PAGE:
Stewart Levine’s book may indeed help you become the best lawyer that you can be, as it provides invaluable wisdom from some of the sharpest minds in the legal world, confirmation and refinement of best practices, and advice and tactics to enhance your professional and personal development.

Sources: 

Stewart L. Levine, The Best Lawyer You Can Be: A Guide to Physical, Mental, Emotional, and Spiritual Wellness

Best Practices for Communication

The most effective communication involves connecting with people on a rational, emotional, and moral basis. Aristotle referred to these three pillars as logos, pathos, and ethos. Humanity has come a long way since Greek times on the many ways we communicate with and influence others. With the advent of technology, it is easy to dehumanize, and truncate not only our message, but the way it is delivered. When people are together, the richness of communication modalities are obvious, as all our senses are potentially engaged—see me, hear me, feel me, smell me, touch me, and some would say, sense or intuit me. 

People in the influencing and persuasion business, especially lawyers, must not only be competent across these modalities, but more importantly, must deliberately choose the best ways to interact with clients and opponents to solve problems. Some lawyers enjoy the competition and gamesmanship of confrontation. Many of us do not, and most of us have at one time or another ducked a potentially unpleasant conversation with letters, emails, or texts. 

Technology has made us somewhat lazy…we use tools that are convenient and easy. Technology, especially email, allows us to avoid unpleasant conversations, or even allows us at time to be more direct and unpleasant. Emails and texts are great ways to engage the disagreeable and pass the proverbial “hot potato” literally at the speed of light. “I sent an email” can be the ultimate shortcut to CYA (Cover Your Ass) or abdication of professionalism with its express or implicit “it’s not my fault!”

My practice tips can be summarized in an obvious hierarchy of preferred communication choices, although the order may vary as it is adopted to specific relationships or circumstances. Personalized contact is prioritized as the fundamental objective, however.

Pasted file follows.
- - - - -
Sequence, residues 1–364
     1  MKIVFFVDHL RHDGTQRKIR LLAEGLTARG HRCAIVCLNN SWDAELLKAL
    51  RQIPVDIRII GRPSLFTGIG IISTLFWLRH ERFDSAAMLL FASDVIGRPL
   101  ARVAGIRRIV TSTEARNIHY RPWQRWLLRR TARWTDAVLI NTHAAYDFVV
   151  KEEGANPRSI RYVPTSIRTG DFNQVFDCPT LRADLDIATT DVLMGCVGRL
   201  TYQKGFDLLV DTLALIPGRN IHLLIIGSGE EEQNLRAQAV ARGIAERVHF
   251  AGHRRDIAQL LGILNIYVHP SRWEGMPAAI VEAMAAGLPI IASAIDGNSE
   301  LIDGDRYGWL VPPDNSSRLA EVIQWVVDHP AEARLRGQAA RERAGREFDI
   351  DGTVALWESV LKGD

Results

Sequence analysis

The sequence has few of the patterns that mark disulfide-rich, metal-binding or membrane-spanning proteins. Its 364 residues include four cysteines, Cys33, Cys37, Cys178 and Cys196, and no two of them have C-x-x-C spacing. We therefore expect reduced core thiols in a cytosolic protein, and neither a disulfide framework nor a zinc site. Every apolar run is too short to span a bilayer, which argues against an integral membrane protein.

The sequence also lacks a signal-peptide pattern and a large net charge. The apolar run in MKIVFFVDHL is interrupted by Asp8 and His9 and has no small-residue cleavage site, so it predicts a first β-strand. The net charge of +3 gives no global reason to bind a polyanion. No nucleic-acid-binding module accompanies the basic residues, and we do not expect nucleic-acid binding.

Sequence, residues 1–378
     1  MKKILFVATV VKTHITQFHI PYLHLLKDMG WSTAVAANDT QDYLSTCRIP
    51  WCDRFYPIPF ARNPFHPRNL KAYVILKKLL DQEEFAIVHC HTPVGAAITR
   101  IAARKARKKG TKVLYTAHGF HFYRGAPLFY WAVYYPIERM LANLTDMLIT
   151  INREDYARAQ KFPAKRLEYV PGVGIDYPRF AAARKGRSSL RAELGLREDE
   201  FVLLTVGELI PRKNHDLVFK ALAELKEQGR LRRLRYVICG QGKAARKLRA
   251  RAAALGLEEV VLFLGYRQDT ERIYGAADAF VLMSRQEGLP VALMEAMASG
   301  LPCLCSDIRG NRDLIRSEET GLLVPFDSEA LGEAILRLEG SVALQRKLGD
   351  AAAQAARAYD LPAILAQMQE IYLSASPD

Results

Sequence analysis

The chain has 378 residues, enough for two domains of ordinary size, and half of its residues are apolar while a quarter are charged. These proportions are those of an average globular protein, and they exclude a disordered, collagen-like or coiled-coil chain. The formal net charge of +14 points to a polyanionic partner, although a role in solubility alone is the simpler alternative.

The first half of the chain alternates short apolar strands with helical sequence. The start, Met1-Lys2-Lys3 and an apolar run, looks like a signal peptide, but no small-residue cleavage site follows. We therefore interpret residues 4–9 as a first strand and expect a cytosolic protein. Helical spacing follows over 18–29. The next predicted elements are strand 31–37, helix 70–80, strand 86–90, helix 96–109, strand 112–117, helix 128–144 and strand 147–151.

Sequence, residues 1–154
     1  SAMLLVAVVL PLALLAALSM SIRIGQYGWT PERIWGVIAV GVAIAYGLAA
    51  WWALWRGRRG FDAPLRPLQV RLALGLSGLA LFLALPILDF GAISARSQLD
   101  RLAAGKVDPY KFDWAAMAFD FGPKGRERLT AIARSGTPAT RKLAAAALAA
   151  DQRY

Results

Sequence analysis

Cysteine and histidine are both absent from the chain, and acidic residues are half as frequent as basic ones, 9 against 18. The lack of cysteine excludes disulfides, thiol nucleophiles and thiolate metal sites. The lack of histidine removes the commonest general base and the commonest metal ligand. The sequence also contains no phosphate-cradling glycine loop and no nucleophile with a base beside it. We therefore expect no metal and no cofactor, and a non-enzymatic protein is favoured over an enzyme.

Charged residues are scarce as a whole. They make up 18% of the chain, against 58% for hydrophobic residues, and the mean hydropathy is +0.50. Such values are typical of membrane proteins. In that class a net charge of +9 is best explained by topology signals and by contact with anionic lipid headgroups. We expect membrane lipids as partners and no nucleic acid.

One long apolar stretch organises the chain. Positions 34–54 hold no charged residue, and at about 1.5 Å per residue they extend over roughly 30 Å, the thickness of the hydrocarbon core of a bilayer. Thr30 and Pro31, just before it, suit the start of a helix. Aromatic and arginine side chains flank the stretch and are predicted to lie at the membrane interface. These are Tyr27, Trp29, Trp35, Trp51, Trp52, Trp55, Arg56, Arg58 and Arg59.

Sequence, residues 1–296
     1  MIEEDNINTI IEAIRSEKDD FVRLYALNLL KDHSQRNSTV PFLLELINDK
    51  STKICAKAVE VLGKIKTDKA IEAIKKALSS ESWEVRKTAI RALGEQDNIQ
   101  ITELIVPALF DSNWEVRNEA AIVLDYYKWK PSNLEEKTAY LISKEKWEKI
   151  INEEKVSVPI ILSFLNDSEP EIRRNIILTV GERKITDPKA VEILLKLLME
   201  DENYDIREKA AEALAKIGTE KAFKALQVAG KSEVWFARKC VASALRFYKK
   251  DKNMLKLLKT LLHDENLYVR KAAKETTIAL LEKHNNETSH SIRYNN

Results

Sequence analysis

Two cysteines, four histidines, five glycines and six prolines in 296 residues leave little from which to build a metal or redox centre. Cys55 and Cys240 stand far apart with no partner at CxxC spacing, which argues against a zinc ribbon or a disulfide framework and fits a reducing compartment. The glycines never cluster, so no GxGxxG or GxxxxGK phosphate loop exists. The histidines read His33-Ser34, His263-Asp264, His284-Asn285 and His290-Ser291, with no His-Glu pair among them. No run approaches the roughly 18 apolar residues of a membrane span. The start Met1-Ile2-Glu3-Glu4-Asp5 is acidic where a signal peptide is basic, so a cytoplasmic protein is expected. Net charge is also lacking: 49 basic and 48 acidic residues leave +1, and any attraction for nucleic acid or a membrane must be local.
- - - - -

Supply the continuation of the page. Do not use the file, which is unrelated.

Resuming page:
My communication hierarchy, which honors the speaker being “in” as much as possible, is as follows:

            In person meeting or activity 

            Live Video, Skype, Facetime

            Telephone

            Intermediary-Envoy

            Handwritten Letter

            Photo or other video, audio message

            Email

            Text

As corny as it sounds, there is value in looking people in the eye, pressing flesh, and breaking bread together. It reminds me of the old United Airlines commercial where the company owner enters the meeting to pass out airline tickets to his employees, concerned that they have lost touch with their clients.

Recent scientific research has examined the role of Oxycontin as a chemical that is transferred by touch that promotes trust. I participated in two workshops with Professor Paul Zak, a leading researcher in this area, and came away convinced that we have underestimated the power of touch to build rapport, trust, community, and to aide in the resolution of conflict.

Many lawyers also have come to the conclusion that my lifelong friend, Gregg Rosen of McGuireWoods, expressed as advice for effective representation— deliver to your client the bad news as quickly, and personally, as possible.

No lawyer will finish a career without “losing” a case, position, or transaction, failing to solve a problem or obtaining a suboptimal result. It is in the nature of the business we have chosen. Don’t hide behind technology to avoid what is part and parcel of our work. Choose carefully and wisely the “how” of sharing your message by working from the top of the hierarchy downward!